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Variety Amnesia: Recalling Past Variety Can Accelerate Recovery from Satiation
Jeff Galak, Joseph P. Redden and Justin Kruger
Journal of Consumer Research
Vol. 36, No. 4 (December 2009), pp. 575-584
Published by: Oxford University Press
Stable URL: http://www.jstor.org/stable/10.1086/600066
Page Count: 10
You can always find the topics here!Topics: Satiation, Flavors, Physiological stimulation, Food consumption, Social interaction, Television programs, Beans, Amnesia, Saliency, Celebrities
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Consumers frequently consume items to the point where they no longer enjoy them. In a pilot study and two experiments spanning three distinct classes of stimuli, we find that people can recover from this satiation by simply recalling the variety of alternative items they have consumed in the past. And yet, people seem to exhibit “variety amnesia” in that they do not spontaneously recall this past variety despite the fact that it would result in a desirable decrease in satiation. Thus, rather than satiation being a fixed physiological process, it appears that it is at least partially constructed in the moment. We discuss some of the theoretical implications of these findings and provide some prescriptive measures for both marketers and consumers.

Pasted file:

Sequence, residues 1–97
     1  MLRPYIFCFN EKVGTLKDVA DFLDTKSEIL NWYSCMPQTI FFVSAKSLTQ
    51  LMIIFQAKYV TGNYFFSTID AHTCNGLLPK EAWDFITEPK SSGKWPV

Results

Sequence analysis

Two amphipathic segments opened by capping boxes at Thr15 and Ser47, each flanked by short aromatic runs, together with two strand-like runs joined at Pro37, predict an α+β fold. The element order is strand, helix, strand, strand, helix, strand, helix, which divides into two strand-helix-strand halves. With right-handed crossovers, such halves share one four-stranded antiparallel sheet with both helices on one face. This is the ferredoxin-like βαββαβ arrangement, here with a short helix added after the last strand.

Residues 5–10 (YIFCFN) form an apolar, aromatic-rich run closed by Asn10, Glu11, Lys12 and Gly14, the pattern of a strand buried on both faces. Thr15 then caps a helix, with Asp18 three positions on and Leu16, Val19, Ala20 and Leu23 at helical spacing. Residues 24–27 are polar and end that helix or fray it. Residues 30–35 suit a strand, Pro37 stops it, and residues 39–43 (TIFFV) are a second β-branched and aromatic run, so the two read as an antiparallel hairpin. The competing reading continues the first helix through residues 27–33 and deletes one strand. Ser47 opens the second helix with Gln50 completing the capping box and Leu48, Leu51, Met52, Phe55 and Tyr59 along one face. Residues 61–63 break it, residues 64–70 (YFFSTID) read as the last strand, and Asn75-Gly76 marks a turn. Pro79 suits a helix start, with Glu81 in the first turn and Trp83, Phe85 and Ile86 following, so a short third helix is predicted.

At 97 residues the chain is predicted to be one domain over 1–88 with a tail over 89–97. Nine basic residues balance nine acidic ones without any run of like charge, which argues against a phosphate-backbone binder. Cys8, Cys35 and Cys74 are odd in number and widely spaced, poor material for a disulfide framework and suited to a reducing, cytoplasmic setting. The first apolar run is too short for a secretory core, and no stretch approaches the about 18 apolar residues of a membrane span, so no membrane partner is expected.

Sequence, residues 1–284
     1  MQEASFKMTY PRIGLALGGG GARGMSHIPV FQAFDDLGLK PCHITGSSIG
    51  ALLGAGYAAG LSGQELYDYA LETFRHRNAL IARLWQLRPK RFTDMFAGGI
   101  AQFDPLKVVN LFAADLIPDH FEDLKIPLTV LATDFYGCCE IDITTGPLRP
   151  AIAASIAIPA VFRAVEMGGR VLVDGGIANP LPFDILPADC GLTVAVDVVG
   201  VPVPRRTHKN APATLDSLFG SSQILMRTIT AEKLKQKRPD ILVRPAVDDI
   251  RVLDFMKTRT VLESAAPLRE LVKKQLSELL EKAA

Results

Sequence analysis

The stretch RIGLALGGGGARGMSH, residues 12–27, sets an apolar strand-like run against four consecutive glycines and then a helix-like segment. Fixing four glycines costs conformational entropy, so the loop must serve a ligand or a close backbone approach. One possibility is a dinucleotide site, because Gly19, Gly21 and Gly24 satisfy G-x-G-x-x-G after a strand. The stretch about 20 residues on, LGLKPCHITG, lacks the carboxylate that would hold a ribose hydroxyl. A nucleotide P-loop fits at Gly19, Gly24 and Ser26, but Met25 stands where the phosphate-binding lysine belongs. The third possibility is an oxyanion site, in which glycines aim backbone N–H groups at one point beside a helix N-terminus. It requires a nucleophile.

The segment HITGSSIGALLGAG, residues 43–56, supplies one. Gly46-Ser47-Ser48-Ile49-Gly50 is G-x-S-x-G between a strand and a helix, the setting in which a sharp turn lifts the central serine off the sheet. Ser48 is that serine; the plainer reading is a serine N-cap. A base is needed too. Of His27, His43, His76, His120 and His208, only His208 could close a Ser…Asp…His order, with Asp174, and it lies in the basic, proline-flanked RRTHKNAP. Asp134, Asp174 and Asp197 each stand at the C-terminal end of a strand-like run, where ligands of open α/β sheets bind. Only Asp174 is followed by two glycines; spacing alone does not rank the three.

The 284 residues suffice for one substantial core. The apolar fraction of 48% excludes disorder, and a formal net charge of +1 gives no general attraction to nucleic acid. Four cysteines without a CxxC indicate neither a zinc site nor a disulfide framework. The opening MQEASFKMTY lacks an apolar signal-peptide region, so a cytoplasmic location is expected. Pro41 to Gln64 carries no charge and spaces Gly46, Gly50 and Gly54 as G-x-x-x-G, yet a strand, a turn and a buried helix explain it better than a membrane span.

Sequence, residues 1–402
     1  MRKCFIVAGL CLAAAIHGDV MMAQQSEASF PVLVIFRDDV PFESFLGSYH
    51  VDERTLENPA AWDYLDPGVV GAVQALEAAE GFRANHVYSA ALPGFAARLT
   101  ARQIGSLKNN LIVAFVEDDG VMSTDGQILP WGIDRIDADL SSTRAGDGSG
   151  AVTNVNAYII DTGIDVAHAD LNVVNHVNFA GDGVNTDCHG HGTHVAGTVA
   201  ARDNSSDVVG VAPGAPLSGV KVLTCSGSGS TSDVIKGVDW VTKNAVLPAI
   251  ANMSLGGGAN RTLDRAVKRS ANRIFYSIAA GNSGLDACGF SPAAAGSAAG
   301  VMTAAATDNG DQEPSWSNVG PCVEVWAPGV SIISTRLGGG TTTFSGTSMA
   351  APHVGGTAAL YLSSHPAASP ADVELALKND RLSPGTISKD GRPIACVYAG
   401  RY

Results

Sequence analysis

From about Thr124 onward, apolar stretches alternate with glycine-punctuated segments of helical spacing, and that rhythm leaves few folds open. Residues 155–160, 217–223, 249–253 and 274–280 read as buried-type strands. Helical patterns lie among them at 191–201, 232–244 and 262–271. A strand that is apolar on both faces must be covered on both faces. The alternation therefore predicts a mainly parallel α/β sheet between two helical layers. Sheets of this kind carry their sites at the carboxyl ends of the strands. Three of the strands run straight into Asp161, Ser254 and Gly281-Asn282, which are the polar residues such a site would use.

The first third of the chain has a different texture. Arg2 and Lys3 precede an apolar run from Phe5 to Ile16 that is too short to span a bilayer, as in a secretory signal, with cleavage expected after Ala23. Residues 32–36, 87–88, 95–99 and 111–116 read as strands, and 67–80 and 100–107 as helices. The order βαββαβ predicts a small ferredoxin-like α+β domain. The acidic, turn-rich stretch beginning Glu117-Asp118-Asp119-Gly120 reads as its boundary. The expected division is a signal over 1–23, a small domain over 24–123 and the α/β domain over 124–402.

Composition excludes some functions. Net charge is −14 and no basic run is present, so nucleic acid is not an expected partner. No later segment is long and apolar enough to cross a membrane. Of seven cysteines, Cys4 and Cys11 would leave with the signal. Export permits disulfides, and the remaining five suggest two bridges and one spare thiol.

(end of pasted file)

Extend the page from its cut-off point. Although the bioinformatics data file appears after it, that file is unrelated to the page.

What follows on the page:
© 2009 by JOURNAL OF CONSUMER RESEARCH, Inc.